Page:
You may remember, a few months back, that ol' Traf got himself into the news when some of his paintings, mostly depicting serene farm scenes, went up for sale online. Now, according to WKYC (Channel 3) in Cleveland, these same paintings will be part of a special show in a gallery down in East Liverpool. They'll be sold of at the end of the show's run, and the proceeds will apparently go toward keeping the fledgling gallery open.

Art, of course, can be highly subjective, a fact that has given rise to the well-worn statement that "a 5-year old could paint that," etc. Some of the most highly-praised works in the world have received that very criticism. However, in Traficant's case, the expression couldn't be more true. The paintings are pretty terrible. Therefore, one can assume that the only reason these paintings are receiving any attention at all is because of who created them. I can't blame the gallery for putting on the show. I'm sure they have to do whatever it takes to survive, especially in the cultural hotbed that is East Liverpool. But it's a shame that the Traf continues to elicit this kind of attention.

I remember, a few years ago, being interviewed by one of the Cleveland stations (I think it was WKYC, but I'm not sure) about Traficant. I was home for the summer, working downtown, and they caught up with me as I was taking a walk through downtown Youngstown on my lunch break. The election was gearing up, the first one since Traficant had been put behind bars. The reporter asked me if I thought he might get any votes. I said I thought he'd have a good chance of winning.

No single political figure has captivated the Youngstown area as much as Jim Traficant has over the last few decades. And, it seems, he's not planning on stopping anytime soon.

Tuesday, May 16, 2006

ESPN Youngstown

So I get back to apartment and flip on the TV just in time to catch a story on Maurice Clarett on SportsCenter. The story included footage, courtesy of WKBN, of the aftermath of the car crash that Mo was recently involved in. They even included a shot of the Midlothian and Erie street signs. A few shots of an unnamed YPD officer were also included in the footage.

The story then moved to an interview with Harding coach Thom McDaniels, the camera framing him nicely against the background of Mollenkopf Stadium.

ESPN, for once, declined to include the seemingly obligatory reference to "growing up on the mean streets" that usually comes with any national story involving anyone who grew up in the Youngstown area. Even so, there it was, the City of Youngstown, on ESPN.

Maurice, meanwhile, is pretty much toast. Then again, there may be a spot for him on the HitMen roster come next winter.

Monday, May 15, 2006

Thunder Update

There's an article up on the af2 website, finally, about the Thunder. The picture's not the best quality, but from what I can see, the logo looks pretty terrible. The link: http://

More on Local Indoor Football

First off, the af2 press conference apparently did take place today, where the new team was announced. As the rumors had intimated, the new team will be the Mahoning Valley Thunder. In typical fashion, none of the news outlets in Youngstown have put anything of substance on their websites yet regarding the press conference (even though they've been gearing the public up for the team for weeks now). The most information I could find up to now comes from an apparenly semi-literate poster on the af2 message boards who was at the press conference and describes the logo as having a Thor-like character, with hammer raised, combined with the team's initials. Hopefully, there will be some more news on this soon. The af2 website, oddly enough, makes no mention of any expansion whatsoever.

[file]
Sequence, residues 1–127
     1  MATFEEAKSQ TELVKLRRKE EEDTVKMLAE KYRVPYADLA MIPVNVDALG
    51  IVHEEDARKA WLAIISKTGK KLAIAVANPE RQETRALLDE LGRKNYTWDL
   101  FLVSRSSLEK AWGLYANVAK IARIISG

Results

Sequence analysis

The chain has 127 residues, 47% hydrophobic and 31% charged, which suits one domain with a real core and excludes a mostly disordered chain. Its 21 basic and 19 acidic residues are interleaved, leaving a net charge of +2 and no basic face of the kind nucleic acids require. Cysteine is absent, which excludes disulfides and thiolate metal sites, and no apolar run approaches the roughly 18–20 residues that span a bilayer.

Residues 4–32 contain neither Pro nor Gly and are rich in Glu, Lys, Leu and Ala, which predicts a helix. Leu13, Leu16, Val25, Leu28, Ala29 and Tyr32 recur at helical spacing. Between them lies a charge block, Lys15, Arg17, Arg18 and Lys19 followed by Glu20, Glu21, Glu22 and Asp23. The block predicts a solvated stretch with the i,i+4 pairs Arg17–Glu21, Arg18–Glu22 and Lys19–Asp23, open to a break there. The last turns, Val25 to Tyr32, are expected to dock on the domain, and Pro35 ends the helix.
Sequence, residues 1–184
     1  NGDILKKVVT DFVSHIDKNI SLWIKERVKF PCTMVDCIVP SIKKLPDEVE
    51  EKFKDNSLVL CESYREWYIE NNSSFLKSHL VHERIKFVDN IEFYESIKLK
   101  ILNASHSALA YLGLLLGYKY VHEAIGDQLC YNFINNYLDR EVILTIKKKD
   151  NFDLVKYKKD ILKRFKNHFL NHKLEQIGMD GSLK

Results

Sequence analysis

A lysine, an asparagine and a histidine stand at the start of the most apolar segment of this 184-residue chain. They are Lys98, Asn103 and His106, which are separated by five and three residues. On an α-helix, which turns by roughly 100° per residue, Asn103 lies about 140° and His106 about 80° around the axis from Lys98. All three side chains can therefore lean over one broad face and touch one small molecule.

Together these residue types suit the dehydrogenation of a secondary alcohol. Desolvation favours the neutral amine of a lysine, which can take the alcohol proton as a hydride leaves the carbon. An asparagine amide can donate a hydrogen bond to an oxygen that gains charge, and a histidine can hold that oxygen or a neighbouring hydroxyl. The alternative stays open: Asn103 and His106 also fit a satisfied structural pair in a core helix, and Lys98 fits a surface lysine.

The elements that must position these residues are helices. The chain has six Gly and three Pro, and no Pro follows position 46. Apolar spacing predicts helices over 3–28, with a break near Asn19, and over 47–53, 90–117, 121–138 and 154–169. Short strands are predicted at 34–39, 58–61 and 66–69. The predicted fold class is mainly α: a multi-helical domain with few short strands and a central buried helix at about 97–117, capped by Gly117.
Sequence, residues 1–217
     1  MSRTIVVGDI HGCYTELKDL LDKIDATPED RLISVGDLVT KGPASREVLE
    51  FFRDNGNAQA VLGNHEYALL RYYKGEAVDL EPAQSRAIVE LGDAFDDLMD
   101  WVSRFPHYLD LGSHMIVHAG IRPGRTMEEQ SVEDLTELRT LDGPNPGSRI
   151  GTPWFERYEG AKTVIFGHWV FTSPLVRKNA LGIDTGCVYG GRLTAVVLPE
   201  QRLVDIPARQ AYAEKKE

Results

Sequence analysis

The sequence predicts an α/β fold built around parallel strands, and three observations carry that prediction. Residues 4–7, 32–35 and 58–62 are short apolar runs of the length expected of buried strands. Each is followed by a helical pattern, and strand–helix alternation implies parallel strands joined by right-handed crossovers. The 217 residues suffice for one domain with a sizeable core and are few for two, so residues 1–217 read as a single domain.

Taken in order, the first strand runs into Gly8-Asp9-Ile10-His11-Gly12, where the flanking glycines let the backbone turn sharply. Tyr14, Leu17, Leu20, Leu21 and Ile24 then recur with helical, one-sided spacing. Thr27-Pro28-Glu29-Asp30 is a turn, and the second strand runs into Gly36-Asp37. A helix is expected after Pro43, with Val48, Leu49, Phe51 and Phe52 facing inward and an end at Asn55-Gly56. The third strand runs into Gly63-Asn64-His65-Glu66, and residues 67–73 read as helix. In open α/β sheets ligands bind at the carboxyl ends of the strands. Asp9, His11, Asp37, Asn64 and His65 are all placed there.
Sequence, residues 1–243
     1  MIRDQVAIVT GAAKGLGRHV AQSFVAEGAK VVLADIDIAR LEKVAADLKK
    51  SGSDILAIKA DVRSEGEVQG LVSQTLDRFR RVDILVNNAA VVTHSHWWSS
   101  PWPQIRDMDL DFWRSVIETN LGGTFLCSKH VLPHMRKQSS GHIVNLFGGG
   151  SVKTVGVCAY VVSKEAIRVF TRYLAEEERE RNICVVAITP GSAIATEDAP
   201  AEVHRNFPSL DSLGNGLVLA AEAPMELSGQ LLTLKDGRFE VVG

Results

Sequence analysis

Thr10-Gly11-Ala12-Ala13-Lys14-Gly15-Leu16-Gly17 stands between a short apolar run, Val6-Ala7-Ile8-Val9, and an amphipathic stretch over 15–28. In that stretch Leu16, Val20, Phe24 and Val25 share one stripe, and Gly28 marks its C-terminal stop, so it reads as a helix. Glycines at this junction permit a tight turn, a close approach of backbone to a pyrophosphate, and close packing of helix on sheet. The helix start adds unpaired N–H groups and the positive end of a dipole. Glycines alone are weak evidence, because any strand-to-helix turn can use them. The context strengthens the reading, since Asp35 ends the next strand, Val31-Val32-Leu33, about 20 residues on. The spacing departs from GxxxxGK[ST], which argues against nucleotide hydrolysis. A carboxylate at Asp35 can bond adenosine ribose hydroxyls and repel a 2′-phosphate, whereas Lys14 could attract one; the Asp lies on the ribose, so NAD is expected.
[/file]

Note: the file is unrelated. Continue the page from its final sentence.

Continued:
Also, it appears that my earlier announcement of the demise of the Mahoning Valley HitMen was a little premature. Their website has actually been updated, with logos, uniforms, and even sponsors, and it looks like it's still a go. According to Warren's Tribune Chronicle, the team's owner has decided to press on, despite early setbacks in negotiations with the Ice Zone.

It's still up for debate whether or not Youngstown can support one indoor team, let alone two. I think that the af2 team, as I've stated previously, has by far the better chance of survival. What's particularly unusual is that the HitMen club is meant to be the first team in a brand new league- so it's got that added pressure on top of it, as well. No word yet on where those other teams will be from.

af2 Press Conference

There will be a press conference this afternoon to announce the new Arena Football 2 team coming to the Chevy Centre. The word is that they'll be named the "Mahoning Valley Thunder." Sources say they've already signed some players and coaches.

More to come...

Tuesday, May 09, 2006

The Rise and Fall of the Mahoning Valley HitMen

So, it seems, the history of the Mahoning Valley HitMen is over before it ever really started. Apparently, the HitMen would have been an indoor football team- although it was never really clear what league they were going to be a part of. Their website,, is pretty much devoid of any valuable information, and neither the AIFL nor the NIFL make any mention of them on their websites. I couldn't even find anything on the Vindicator website about them or the press conference that apparently took place this afternoon. They were supposed to play at Boardman's Ice Zone, I do know that- but that's about it.

According to my source, though, the HitMen aren't going to be playing at the Ice Zone- or anywhere else for that matter. The owner has pulled the plug, citing scheduling conflicts with the Ice Zone and the looming shadow of another team that's supposedly on its way to Y-town, from the more established and credible Arena Football 2 (af2) league.